No, it’s not an Ealing comedy as the title might suggest. Instead it’s a Brian Clemens thriller, with many of his usual quirks.
UK / 64 minutes / bw / Danziger, Paramount Dir: Montgomery Tully Pr: Edward J. Danziger, Harry Lee Danziger Scr: Brian Clemens, Eldon Howard Cine: Bert Mason Cast: Gordon Jackson, Christina Gregg, Lisa Daniely, André Maranne, Humphrey Lestocq, Viola Keats, Douglas Ives, John Serret, Annette Carell, Steve Plytas, Gertan Klauber, Michael Anthony, Julian Sherrier, Andre Charisse.
Rising physician Tom Murray (Jackson) is celebrating his marriage to Christine “Chris” Ervine (Gregg) when an unexpected guest arrives at the reception: Annette Montand (Daniely), whom Tom knew during his time as an ambulance driver in Normandy during the war. Once they’re alone she drops her bombshell: Tom married her in France and, even though the event is lost to the weeks of amnesia he suffered after being shot up in August 1944 by the Gestapo, she has a marriage certificate and other evidence to prove it:
Annette: “It was not a gay ceremony. [Okay, so the language has changed a bit since 1961.] It was no party, such as you have here. There were no wedding bells for us—only the rumble of guns and the screams of the dying. We couldn’t even find a proper wedding ring . . . so you put this on my finger.”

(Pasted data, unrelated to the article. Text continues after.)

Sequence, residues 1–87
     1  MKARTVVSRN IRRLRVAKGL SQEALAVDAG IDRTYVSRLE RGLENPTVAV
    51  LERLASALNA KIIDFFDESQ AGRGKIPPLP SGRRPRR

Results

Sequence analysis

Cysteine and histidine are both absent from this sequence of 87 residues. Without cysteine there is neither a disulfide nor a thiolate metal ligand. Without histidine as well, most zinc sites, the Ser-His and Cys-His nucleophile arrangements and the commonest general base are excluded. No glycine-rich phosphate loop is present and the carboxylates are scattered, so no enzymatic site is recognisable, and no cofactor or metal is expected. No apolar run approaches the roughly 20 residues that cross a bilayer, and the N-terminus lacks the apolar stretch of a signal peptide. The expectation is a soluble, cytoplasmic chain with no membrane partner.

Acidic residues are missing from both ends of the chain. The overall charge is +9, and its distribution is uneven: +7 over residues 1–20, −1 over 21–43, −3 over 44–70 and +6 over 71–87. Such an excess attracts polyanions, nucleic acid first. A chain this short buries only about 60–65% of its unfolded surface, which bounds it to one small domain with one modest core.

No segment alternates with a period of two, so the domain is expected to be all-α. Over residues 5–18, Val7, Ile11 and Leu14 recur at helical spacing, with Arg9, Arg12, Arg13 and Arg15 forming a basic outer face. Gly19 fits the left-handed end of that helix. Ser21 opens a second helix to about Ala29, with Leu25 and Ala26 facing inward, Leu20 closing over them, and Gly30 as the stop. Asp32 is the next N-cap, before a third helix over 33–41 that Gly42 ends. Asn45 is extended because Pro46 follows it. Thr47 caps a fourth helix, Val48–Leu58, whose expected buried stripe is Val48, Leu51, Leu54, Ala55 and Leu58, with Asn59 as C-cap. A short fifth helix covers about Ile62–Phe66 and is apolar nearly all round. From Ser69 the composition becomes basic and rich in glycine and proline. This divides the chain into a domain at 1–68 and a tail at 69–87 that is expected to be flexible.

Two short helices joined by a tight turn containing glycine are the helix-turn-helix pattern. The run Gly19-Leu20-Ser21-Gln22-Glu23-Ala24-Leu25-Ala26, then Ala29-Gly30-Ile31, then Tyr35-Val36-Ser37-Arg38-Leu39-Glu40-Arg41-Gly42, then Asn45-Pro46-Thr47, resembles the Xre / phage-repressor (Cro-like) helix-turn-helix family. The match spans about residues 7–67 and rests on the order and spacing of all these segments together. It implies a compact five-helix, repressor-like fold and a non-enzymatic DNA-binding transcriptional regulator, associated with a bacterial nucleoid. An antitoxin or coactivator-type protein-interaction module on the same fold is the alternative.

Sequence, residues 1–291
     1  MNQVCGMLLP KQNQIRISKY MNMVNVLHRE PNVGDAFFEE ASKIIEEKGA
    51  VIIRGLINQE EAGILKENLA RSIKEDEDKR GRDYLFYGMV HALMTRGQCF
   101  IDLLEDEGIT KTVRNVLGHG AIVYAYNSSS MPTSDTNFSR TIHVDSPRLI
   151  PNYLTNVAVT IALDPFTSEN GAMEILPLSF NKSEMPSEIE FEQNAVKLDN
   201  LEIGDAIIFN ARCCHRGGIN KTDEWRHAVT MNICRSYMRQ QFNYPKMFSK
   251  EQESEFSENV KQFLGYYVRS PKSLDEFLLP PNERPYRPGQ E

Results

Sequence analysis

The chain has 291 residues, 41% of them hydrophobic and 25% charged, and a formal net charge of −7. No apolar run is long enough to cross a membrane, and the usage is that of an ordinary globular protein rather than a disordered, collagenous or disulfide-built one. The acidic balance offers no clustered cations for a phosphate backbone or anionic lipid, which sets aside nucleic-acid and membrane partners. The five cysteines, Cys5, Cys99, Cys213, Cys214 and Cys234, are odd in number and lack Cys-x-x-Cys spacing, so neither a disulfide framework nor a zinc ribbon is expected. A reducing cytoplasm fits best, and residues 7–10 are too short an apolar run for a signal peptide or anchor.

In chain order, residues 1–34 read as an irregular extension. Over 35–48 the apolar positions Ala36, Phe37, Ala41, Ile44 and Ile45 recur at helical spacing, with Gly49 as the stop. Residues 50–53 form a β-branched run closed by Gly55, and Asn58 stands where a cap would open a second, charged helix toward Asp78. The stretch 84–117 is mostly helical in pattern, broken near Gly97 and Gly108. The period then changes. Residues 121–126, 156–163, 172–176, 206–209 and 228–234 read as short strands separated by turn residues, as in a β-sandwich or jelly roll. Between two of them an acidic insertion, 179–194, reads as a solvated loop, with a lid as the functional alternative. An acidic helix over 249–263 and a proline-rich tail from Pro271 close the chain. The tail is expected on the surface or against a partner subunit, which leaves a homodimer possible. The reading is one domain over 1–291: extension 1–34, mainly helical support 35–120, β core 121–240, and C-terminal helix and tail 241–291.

Chris (Christina Gregg) and Tom (Gordon Jackson) at the reception.
Chris suggests that, if Tom tells her what he can remember of events, maybe that’ll help him recover his lost memories. So we go into an extensive flashback.
Tom (Gordon Jackson) is stunned by Annette’s news.
Tom was captured by the Nazis and sent behind their lines to a prison camp. He was able to escape the truck on which he and other prisoners were being transported and, despite being shot in the leg, evaded the guard sent after him. He was discovered by a priest, Père Laroche (Serret), who lodged him in the house of a very lovely widow or spinster (it’s not clear) called Marie Durand (Carell). Between them Laroche and Marie got the bullet out of his leg, and started helping to get him fit to walk again. Tom, surprisingly, had no eyes for Marie, preferring instead the company of her niece Annette.
Père Laroche (John Serret) discovers the near-dying Tom.
Hours before Tom was set to make a break for American lines, now just twenty miles away, the Gestapo picked Marie up in the village and, finding she had some British money Tom had given her, shot her. With three members of the Maquis—Roger (Klauber), Maurice (Anthony) and Pierre (Sherrier)—Tom did his best to shoot it out with the Germans. Annette was able to escape, but the three Resistance fighters perished and so, very nearly, did Tom himself. The next he knew he was coming to in the house of another Resistance man, Paul Dassin (Maranne); the local church bells were ringing to celebrate St. Bartholomew’s Day.